Given the above, it is no wonder that Shaebia prefers to conduct its social experimentations first and foremost on one ethnic group – the Tigrigna – that has so far shown no sense of outrage when it comes to the brutalization of its various population groups: its womenfolk, its peasants, its heads of families, its exiled youth, its minority churches, its main religious denomination, its Patriarch, etc. No wonder that the more this population lets him do whatever he wants, the more the despot demands of it. And the more the Tigrignas let themselves be Shaebia’s guinea pigs, the more contempt the tyrant has for that population and the more brutal get his experimentations.

Testing waters

If we look at how the tyrant worked his way up in the scale of abuse – from defamation to outright arrest – in the cases of G-15 and Patriarch Antonios, we can notice striking similarities. Both required a careful step by step approach that took a substantial amount of time to accomplish what he set out to do. In the case of Patriarch Antonios, it took him more than two years to go through carefully orchestrated steps to finish his demonic job. These incremental steps were structured with the public’s reaction in mind; he never took any step without testing the waters first. Here are the four steps that he took in the cases of G-15 and the Patriarch:

First, aspersions are cast, with no official statements to back them up. The Shaebia mill of rumors is set in full motion, with the targeted individuals as having fallen out of favor of Isaias for doing this or that. This is done with the aim of gauging the opinion of the man on the street. In the case of Patriarch Antonios, this initial stage started with the Patriarch’s courageous stand against the unsolicited incursions into the Church’s domain by the tyrant. The Patriarch refused to close down the Sunday School of the Medhanie Alem Church (a magnet to thousands of youth), confronted the tyrant and demanded that the detained pastors be released and strongly objected to the fact that a layman (Yoftahe Dimetros) was assigned by the regime to administer the Church. It is these three events that triggered the incremental assault on the Tewahdo Church. Of course, Shaebia’s defamation process started where it matters most – among the clergy – before it ventured out among the public.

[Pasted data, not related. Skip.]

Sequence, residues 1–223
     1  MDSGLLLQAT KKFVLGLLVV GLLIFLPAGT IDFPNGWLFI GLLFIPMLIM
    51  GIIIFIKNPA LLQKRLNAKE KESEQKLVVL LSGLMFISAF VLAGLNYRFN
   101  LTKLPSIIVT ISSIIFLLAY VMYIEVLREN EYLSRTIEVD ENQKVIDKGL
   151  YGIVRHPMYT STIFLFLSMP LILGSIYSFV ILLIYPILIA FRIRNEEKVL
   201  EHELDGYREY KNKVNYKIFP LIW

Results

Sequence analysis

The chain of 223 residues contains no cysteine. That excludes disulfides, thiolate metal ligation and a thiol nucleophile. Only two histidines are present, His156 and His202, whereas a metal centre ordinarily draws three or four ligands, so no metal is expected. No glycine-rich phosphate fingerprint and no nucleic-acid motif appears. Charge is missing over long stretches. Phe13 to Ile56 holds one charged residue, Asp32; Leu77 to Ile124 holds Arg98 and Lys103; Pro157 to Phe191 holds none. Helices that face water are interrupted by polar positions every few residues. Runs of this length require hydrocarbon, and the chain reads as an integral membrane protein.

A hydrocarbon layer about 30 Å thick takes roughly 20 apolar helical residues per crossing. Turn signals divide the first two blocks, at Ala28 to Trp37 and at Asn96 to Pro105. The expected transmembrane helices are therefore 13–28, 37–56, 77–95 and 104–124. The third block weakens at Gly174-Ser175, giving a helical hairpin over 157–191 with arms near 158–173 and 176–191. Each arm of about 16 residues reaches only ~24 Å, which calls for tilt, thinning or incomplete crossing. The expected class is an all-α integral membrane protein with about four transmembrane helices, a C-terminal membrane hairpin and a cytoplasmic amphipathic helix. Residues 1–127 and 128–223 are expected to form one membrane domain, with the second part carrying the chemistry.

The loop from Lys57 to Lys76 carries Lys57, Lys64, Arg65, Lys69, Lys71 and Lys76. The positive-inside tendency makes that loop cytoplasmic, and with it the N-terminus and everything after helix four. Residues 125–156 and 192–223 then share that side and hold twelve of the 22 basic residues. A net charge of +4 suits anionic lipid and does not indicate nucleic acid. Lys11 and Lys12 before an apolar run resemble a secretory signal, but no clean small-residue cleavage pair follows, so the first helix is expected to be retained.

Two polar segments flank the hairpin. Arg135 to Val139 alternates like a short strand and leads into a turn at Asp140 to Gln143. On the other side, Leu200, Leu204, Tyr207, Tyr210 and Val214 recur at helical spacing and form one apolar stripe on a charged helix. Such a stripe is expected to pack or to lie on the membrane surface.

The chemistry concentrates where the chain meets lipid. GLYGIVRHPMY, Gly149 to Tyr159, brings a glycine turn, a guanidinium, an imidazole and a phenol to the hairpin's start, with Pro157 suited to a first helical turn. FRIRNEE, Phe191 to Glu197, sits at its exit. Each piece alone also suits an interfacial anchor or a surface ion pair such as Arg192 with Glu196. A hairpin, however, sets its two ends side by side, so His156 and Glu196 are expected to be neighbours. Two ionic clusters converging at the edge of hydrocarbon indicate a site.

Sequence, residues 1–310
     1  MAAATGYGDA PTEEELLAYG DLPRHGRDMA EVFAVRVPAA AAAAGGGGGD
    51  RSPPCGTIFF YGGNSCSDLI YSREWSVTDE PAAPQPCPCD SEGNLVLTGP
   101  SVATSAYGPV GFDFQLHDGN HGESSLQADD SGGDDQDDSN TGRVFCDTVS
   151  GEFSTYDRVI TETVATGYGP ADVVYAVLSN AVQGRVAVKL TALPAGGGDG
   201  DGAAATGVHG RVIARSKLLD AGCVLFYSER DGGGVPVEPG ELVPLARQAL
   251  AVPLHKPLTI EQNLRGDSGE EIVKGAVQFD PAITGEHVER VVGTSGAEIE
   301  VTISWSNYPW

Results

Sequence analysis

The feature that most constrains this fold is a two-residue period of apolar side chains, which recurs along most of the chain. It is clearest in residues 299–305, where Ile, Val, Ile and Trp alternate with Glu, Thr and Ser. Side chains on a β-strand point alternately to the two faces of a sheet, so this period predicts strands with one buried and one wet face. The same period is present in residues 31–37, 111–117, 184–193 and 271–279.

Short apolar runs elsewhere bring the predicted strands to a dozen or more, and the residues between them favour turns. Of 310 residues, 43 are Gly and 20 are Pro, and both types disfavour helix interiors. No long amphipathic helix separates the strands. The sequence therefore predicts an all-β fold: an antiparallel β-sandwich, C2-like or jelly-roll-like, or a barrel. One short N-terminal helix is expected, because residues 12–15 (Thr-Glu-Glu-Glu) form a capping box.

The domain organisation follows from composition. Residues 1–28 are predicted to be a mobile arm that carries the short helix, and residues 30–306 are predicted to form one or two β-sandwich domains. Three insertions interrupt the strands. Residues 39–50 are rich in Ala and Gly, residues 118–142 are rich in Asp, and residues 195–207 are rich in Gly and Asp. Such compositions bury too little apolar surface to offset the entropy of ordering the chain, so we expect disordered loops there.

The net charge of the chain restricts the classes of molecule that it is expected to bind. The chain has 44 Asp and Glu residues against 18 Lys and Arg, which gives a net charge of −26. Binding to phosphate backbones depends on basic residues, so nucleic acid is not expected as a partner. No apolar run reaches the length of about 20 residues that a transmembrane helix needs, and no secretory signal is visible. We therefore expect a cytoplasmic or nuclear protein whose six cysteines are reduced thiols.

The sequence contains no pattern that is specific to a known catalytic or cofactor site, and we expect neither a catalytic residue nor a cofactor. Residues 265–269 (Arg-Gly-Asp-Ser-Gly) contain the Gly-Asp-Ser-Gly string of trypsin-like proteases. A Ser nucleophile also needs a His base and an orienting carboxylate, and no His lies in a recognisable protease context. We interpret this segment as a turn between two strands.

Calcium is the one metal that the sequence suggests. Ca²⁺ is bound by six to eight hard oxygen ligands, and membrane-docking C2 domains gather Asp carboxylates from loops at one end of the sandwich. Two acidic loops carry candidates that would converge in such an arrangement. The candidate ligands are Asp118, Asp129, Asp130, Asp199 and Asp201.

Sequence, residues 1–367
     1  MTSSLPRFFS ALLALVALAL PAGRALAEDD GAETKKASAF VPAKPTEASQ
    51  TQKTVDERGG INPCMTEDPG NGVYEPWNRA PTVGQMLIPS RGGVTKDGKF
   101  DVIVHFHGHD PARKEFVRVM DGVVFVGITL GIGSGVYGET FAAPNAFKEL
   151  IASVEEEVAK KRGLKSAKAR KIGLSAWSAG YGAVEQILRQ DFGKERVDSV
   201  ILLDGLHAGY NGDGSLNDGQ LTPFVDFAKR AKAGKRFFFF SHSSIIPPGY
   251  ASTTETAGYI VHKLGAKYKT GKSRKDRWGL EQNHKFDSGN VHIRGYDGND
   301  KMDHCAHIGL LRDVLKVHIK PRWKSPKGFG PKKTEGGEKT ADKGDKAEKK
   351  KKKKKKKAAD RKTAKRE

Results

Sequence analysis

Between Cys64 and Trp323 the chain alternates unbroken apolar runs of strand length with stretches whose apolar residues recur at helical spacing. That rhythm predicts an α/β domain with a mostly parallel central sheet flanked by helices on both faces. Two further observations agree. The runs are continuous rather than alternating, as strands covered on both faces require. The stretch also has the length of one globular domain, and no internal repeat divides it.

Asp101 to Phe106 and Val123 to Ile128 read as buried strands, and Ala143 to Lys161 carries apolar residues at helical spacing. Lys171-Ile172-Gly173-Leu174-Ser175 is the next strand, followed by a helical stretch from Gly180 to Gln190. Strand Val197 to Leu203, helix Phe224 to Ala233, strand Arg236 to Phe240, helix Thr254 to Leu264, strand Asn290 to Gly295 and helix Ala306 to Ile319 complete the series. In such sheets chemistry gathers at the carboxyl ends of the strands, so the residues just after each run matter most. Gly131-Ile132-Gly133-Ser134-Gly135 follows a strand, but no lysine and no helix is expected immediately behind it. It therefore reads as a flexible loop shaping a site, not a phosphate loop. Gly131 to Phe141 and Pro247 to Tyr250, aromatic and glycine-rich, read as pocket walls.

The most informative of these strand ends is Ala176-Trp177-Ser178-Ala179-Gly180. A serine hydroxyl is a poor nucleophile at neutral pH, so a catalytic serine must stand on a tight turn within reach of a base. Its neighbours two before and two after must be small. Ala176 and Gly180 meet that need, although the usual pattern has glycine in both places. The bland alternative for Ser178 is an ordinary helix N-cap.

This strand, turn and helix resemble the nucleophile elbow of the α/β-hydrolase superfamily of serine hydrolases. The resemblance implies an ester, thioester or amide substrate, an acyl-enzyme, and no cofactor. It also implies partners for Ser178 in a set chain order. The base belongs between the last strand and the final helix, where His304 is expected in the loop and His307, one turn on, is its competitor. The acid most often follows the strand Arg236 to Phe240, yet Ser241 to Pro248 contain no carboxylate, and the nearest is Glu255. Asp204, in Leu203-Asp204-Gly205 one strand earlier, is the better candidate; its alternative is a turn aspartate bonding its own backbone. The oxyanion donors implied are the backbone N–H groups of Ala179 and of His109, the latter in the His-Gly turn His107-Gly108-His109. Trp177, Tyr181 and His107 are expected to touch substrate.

Second, the targeted individuals are demoted, “frozen” or relegated to positions where they are rendered impotent. Then the tyrant lets a significant amount of time to pass without taking a major step to see how the public would react. If the public doesn’t seem to care either way, it is time for him to go one step further. And this is exactly what the despot did with Patriarch Antonios. He sent his hit man Yoftahe Dimetros to set this process in motion. The first thing the errand boy did was to take away all the administrative power from the Patriarch, rendering the power of the Patriarch impotent. This was a necessary move in laying the ground for the “divide and conquer” strategy that was soon to cause havoc in the Church. This waiting game was made not only with the Tewahdo public’s reaction, but also with the clergy’s, in mind. When the tyrant sent Yoftahe to Alexandria with a hand-picked “Patriarch,” it was primarily meant to gain legitimacy in silencing the public and the clergy. When that move turned out to be a farce, he had no choice left but to do the more unconventional demoting process of the Patriarch all on his own.